Surely I had to know this, I’m from Jozi, but living in city in Cape Town for so long has made me drop my guard. We rerouted, walked for about 10mins before we reached our destination. In front of us stood a mustard faded building with a red roof and a sign that reads ‘Block B’. There was a dark narrow hallway that we proceeded to. Finally we arrived at the door in question.

Mike and I looked at each other and realized that we did not discuss any plans of what we would do at this point.

“I think when the door opens I should be hidden from sight because this man has my ID, and he will immediately recognise me.”, I say.

“Good thinking. I could claim that I’m here for the maintenance of the building, checking electric wires etc. I will then gage if you should come in by calling you to give me the rope if needed.”

Suddenly I had an overwhelming feeling, the kind you get as the roller coaster slowly ascends the peak of the track. Taunting you with the sound of the crack crack crack as you see more of the sky and then hover over the sight of the ground for more than a moment of sheer discomfort. I felt my stomach jump out of my body in the same way that it does when the roller coaster finally decides to toss your body all the way down, playing hide and seek with death. This was that moment and there was no turning back as Mike had already knocked on the door. I scurried away around the corner, peeping to see what would happen next.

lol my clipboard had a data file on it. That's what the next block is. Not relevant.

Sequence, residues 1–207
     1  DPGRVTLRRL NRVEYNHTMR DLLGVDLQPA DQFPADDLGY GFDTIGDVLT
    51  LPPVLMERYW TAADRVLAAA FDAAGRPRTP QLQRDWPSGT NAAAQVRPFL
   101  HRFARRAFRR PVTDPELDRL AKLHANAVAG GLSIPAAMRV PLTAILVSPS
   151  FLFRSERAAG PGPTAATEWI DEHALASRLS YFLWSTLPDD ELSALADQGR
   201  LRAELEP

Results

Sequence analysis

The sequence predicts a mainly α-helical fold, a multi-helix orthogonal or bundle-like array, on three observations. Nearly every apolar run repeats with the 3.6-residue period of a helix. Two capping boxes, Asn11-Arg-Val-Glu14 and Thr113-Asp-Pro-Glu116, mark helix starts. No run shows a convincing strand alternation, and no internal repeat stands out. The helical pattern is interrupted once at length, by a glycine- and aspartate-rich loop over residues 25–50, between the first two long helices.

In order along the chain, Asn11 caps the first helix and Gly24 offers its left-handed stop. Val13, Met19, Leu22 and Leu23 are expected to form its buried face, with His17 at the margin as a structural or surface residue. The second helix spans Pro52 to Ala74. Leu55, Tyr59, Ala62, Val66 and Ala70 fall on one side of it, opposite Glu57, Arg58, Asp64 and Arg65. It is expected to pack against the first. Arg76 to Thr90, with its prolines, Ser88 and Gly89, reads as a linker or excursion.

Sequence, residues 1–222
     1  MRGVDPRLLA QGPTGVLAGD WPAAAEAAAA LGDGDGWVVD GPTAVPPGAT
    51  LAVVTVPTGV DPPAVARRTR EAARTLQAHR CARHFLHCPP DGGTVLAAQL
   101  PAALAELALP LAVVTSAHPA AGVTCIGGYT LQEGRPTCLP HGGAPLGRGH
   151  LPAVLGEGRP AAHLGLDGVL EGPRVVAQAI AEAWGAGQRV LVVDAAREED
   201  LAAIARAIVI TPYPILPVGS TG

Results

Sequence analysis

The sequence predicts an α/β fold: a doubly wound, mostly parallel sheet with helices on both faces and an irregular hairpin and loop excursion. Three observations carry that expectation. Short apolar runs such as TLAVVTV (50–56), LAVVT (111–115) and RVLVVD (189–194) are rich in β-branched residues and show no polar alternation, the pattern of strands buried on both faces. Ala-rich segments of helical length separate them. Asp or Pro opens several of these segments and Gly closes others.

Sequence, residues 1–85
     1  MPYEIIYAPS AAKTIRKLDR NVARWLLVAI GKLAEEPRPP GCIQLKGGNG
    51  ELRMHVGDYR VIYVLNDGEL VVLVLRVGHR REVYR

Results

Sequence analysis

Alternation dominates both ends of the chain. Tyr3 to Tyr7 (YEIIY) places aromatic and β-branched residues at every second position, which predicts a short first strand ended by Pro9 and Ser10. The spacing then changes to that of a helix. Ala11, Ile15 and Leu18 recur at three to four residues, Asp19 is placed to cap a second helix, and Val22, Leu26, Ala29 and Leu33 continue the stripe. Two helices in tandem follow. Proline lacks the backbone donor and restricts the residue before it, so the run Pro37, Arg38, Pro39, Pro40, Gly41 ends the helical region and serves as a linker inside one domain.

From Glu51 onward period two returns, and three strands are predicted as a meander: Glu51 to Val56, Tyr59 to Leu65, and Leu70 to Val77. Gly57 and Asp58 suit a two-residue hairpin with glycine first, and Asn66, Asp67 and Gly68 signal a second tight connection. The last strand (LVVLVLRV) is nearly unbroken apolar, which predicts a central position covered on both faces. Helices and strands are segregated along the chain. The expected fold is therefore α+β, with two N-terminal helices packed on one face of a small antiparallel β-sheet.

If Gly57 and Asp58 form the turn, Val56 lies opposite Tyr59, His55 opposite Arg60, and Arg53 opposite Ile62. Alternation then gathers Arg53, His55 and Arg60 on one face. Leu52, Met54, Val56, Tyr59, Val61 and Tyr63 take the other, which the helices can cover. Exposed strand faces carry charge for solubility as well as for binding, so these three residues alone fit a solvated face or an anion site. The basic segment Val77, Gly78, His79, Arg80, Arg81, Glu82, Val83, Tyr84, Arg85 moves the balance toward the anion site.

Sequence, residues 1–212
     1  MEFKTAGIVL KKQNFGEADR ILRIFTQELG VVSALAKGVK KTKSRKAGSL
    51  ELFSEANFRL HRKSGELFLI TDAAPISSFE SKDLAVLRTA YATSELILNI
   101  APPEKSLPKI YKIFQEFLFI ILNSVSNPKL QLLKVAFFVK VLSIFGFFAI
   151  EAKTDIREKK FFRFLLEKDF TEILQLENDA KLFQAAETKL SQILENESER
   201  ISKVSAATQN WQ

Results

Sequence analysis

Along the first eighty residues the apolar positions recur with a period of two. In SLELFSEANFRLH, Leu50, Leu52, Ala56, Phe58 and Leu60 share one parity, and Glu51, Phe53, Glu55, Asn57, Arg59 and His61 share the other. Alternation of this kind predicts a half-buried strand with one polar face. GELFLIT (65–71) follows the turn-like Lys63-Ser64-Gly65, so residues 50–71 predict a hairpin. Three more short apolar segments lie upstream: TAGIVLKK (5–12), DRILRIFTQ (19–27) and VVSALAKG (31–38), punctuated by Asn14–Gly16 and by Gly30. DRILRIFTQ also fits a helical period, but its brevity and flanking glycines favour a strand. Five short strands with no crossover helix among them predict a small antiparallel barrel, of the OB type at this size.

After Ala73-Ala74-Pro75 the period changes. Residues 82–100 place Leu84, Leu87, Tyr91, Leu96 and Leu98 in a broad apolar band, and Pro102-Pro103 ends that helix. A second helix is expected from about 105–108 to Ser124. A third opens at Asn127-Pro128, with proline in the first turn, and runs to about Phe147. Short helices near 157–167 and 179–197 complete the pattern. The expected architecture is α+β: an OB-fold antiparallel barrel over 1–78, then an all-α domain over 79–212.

There’s rustling and murmuring in the room. The door opens and there he stands.


Chapter 8- His Story


Chapter 8

Yesterday, the Master of Time revealed himself to me. Yesterday, the Master of Time placed his cogs and wheels to suit a place, a day, an hour and condition to align the very moment I ponder upon now. Today, the Master of Time holds me back in nostalgia and held her forward towards me, close enough to make time stand still with her well within my grasp but far enough to lose that very moment.